THEATRE / Ace player finally makes it to King: As Robert Stephens takes on Lear, Irving Wardle surveys the mixed career of an actor without a mask

Robert Stephens has a horror of flashy roles in second-rate plays. He has tried to avoid them, but one has recently been thrust upon him in a sickly romance called The Return of Robert Stephens. This tells the story of a brilliant young actor who marries his even more brilliant co- star; and whose marriage and career then collapse into a mid-life pit of alcoholic waste. He is rescued in the nick of time when a childhood fan who has grown up to direct the leading classical theatre in the land invites his washed-up old idol to essay the role of Falstaff. The comeback is a huge success, garners an Olivier Award, and paves the way for a fairy-tale ending in which the long-dethroned hero ascends to glory, aged 61, as King Lear.

I hope I am exaggerating, and that when Adrian Noble's RSC Lear opens next week there will be no biographical clouds hanging on its leading actor.

'I don't understand,' Stephens told an interviewer last year, 'why people always write that I understand failure. I feel proud of what I've achieved in my life.' Precisely. And the depressing thing about the cheap myth that has sprung up around his life is that it exists in flat contradiction to his work.

Line up his performances and you find a massacre of stereotypes. His big discovery, for he was treasured in the early days of the Royal Court and Olivier's National Theatre and his flourishing partnership with Maggie Smith, is that truth is more interesting than lies. For which reason his award-winning 1991 Falstaff, despite its manifest comic power, left me sitting on my hands. He could have played a man paralysed by guilt or a bastard who ought to feel guilty; but, as an old rogue simply intent on winning, he opted uncharacteristically for ingratiation.

At that word, the mind whizzes back to the performance that first put Stephens on the map as the anti-hero of John Osborne's Epitaph for George Dillon in 1958. Now there was an ingratiating character; a shy artistic lodger who writhes through the first act oozing gratitude to his lower-middle-class hosts and then, left alone, addresses the photograph of his landlady's dead son: 'You stupid- looking bastard.'

It was a big moment. You could hear the sound of old theatrical rules cracking up all around. Osborne had aligned the truth of stage acting with the falseness of our performances in everyday life. And he found a devastating ally in Stephens, who knew about cringing, knew about treacherous secret thoughts, and looked so ordinary that when his apologetic mumble gave way to that raspingly derisive voice, he spoke for the buried lives of all the nondescript people out front.

As it happens, George Dillon was about failure. But within the next few years Stephens achieved a similar impact with the vigorous Captain Plume in The Recruiting Officer, Peter, the aggressive German cook in Wesker's The Kitchen, Shakespeare's Benedick and others who are anything but failures. What these performances did have in common was a genius for confession, for playing without a mask. There are leading actors, like Paul Scofield or Alan Bates, whose power emerges from some hidden source: they have a secret, and you follow every move and inflection in the hope that they will reveal it. There are others, among whom Stephens is supreme, who express their power by giving everything away - whether as Ibsen's Loevborg making a grab for Hedda's groin under the snaps of the Dolomites, or as Caesar (Stratford, 1991) taking a long accusing pause before deliberarately impaling himself on Brutus's sword. Every action takes you by surprise; every action lets you see to the roots of the character.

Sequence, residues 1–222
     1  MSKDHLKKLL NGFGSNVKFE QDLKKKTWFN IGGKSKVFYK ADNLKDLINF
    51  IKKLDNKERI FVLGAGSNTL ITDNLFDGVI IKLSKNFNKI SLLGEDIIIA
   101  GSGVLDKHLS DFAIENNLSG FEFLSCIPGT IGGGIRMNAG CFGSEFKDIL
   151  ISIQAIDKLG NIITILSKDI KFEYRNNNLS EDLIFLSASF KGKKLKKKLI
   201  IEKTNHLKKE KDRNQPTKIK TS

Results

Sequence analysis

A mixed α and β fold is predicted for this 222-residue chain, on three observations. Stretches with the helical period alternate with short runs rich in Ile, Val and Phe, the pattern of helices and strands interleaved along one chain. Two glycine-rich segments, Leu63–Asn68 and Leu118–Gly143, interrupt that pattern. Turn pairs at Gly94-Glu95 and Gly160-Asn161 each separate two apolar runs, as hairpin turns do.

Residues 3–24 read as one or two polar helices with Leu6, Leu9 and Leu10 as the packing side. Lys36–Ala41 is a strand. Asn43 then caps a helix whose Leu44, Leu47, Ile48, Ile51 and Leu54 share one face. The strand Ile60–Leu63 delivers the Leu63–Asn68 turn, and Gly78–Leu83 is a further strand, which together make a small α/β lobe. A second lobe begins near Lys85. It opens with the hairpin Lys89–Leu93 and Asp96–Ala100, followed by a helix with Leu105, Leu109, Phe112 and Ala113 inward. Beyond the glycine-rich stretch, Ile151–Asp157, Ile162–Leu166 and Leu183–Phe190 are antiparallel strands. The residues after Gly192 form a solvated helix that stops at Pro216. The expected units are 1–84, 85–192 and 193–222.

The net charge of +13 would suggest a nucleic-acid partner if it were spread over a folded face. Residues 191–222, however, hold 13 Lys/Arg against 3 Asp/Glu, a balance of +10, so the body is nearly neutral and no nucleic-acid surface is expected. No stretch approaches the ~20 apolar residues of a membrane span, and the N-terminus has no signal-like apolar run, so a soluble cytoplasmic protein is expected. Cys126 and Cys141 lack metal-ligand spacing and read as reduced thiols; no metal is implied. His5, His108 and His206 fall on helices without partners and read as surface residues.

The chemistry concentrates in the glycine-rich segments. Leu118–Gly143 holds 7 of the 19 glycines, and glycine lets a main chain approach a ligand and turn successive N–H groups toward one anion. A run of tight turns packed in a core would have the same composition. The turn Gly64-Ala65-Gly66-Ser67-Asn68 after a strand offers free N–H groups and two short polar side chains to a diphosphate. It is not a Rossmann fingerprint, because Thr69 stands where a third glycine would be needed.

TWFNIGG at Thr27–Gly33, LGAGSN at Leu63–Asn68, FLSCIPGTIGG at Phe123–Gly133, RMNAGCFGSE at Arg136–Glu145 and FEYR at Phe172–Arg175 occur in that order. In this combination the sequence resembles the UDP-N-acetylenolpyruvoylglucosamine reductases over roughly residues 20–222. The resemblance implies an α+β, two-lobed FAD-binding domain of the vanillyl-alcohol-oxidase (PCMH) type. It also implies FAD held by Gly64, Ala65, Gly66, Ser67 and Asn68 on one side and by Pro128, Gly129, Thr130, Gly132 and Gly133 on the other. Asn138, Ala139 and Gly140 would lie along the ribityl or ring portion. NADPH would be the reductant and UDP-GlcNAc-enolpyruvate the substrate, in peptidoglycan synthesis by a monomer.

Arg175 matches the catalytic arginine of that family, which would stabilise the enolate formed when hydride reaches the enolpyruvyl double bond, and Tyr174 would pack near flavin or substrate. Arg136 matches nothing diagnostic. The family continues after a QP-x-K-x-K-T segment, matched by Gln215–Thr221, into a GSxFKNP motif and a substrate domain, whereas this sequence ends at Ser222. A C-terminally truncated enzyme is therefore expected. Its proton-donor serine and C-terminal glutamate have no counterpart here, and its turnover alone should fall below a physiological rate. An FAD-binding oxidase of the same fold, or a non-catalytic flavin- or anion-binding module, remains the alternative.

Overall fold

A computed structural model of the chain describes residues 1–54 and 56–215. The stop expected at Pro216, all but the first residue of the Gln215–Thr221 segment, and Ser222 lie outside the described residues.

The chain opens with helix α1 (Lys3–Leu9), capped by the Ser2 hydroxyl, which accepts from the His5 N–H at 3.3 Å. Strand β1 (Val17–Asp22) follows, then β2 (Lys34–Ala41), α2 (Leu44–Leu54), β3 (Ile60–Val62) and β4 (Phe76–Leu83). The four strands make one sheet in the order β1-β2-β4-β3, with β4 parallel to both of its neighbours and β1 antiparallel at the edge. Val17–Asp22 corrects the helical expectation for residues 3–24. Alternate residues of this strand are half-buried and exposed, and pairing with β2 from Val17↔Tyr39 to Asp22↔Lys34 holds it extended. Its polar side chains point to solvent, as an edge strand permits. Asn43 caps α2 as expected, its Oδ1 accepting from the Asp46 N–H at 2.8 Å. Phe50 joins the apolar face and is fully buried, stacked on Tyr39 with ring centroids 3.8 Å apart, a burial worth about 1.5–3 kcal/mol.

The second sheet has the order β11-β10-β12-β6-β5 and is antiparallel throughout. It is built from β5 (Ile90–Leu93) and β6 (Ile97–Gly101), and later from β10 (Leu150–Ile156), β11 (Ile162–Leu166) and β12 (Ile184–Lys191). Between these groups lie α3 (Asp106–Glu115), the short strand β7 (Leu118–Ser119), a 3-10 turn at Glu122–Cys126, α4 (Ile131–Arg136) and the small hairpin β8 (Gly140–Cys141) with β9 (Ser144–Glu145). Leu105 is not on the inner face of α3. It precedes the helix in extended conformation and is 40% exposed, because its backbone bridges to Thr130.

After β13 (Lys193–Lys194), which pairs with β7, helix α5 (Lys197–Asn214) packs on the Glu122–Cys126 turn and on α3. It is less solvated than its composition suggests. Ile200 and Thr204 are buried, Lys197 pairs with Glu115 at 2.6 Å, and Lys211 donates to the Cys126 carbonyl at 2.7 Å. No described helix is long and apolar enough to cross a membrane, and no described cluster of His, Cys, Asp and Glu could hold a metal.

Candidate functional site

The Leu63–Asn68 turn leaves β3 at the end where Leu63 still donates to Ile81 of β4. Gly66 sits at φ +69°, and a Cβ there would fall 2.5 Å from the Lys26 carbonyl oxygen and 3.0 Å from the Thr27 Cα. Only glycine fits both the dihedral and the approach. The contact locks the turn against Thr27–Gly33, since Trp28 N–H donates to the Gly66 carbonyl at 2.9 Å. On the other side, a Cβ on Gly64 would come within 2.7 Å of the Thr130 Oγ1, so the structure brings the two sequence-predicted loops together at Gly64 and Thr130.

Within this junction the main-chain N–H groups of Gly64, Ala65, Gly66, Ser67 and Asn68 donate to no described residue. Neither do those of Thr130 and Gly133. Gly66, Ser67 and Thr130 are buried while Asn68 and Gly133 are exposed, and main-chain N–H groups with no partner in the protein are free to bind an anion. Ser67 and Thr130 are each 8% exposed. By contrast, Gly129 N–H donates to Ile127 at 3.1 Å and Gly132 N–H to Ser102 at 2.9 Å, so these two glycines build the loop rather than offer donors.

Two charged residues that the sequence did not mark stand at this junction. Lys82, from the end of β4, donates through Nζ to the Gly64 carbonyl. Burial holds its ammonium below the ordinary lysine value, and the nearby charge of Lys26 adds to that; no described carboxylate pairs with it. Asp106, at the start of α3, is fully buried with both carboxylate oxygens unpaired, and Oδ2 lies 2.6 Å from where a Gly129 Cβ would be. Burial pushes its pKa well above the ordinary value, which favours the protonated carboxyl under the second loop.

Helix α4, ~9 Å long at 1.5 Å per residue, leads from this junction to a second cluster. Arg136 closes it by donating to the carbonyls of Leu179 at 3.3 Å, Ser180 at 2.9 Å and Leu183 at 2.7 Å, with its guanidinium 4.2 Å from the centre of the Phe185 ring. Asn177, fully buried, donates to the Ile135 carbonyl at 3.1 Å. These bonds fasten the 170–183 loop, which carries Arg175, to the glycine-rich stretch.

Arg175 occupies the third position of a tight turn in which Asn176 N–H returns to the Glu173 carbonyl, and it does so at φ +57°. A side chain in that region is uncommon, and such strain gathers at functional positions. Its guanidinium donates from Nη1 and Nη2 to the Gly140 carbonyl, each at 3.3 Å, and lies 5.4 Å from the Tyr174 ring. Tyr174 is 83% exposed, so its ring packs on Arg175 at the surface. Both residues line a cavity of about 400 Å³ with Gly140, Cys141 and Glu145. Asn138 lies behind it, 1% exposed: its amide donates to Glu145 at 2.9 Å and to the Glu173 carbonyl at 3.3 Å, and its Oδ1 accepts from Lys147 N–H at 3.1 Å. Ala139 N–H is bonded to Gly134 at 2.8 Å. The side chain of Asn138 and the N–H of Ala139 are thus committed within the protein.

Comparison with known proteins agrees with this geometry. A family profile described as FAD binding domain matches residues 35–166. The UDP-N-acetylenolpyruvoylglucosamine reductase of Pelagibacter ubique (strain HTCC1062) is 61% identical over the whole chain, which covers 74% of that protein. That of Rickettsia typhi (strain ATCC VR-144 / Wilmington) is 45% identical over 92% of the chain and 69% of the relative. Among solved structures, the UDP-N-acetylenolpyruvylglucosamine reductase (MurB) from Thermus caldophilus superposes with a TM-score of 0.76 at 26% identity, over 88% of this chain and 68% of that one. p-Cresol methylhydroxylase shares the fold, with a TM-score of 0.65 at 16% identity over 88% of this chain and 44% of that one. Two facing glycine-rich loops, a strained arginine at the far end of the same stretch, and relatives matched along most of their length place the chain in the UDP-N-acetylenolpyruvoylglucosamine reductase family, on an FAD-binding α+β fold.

The big exception is the most famous performance Stephens ever gave, as the Peruvian sun god Atahuallpa in Peter Shaffer's The Royal Hunt of the Sun in 1964. If ever a stage figure projected inaccessible mystery it was this unearthly creation. I once asked Stephens where he got it from. 'Inca history,' he said, 'and bird sounds and coyote noises. The dialogue is not good at all: it's like 'White man speak with forked tongue'. So, I thought, I've got to provide a physical presence. If I have a funny way of speaking, if I walk slower than everybody else because I am God, then at least it's eye- catching. I just made it all up.'

What he did not mention there (15 years later) is that Atahuallpa marked the debut of his new body - sculpted by regular gym workouts into the heroic musculature of a Greek athlete. It was as if this most open of actors had taken cover under a mask. It worked superbly for him in Shaffer's play; it fell flat two years later when he appeared stripped to the waist in white leather breeches as the incestuous, matricidal rapist hero of Osborne's A Bond Honoured.

In retrospect, this flop seems a stroke of luck for the actor, if not for his author. Stephens says he went into the play 'not knowing what I was doing'; and that 10 days before the opening Osborne told him: 'I must confess it's a very lazy piece of writing, and I can never rewrite. Rewriting is like wallowing in my own vomit.' After which only a miracle could have salvaged the show. If it had succeeded, Stephens might have gone on to grace the stage with a line of nobly proportioned and impersonally dignified classical leads. Antony and Cleopatra was one on the list, happily forestalled by the fact that his director, Jonathan Miller, informed him that the show was to be in the style of Veronese and that the play was not about Cleopatra but Elizabeth I. Stephens withdrew. He also hatched the scheme for an Othello with Anthony Hopkins. 'I rang Miller and asked him if he'd direct it. He said, 'Yes, and we'll do it in 1956 during the Cyprus War.' I said, 'We will not.' ' That was the end of that.

Instead of such heroic plans, Stephens was thrown back on his talent for showing the unheroic in all its colours. And when he did work with Miller it was in the wonderful 1974 Greenwich season of 'Family Romances' in which he reclaimed Ibsen's bigoted Pastor Manders as a gentle victim of his own beliefs.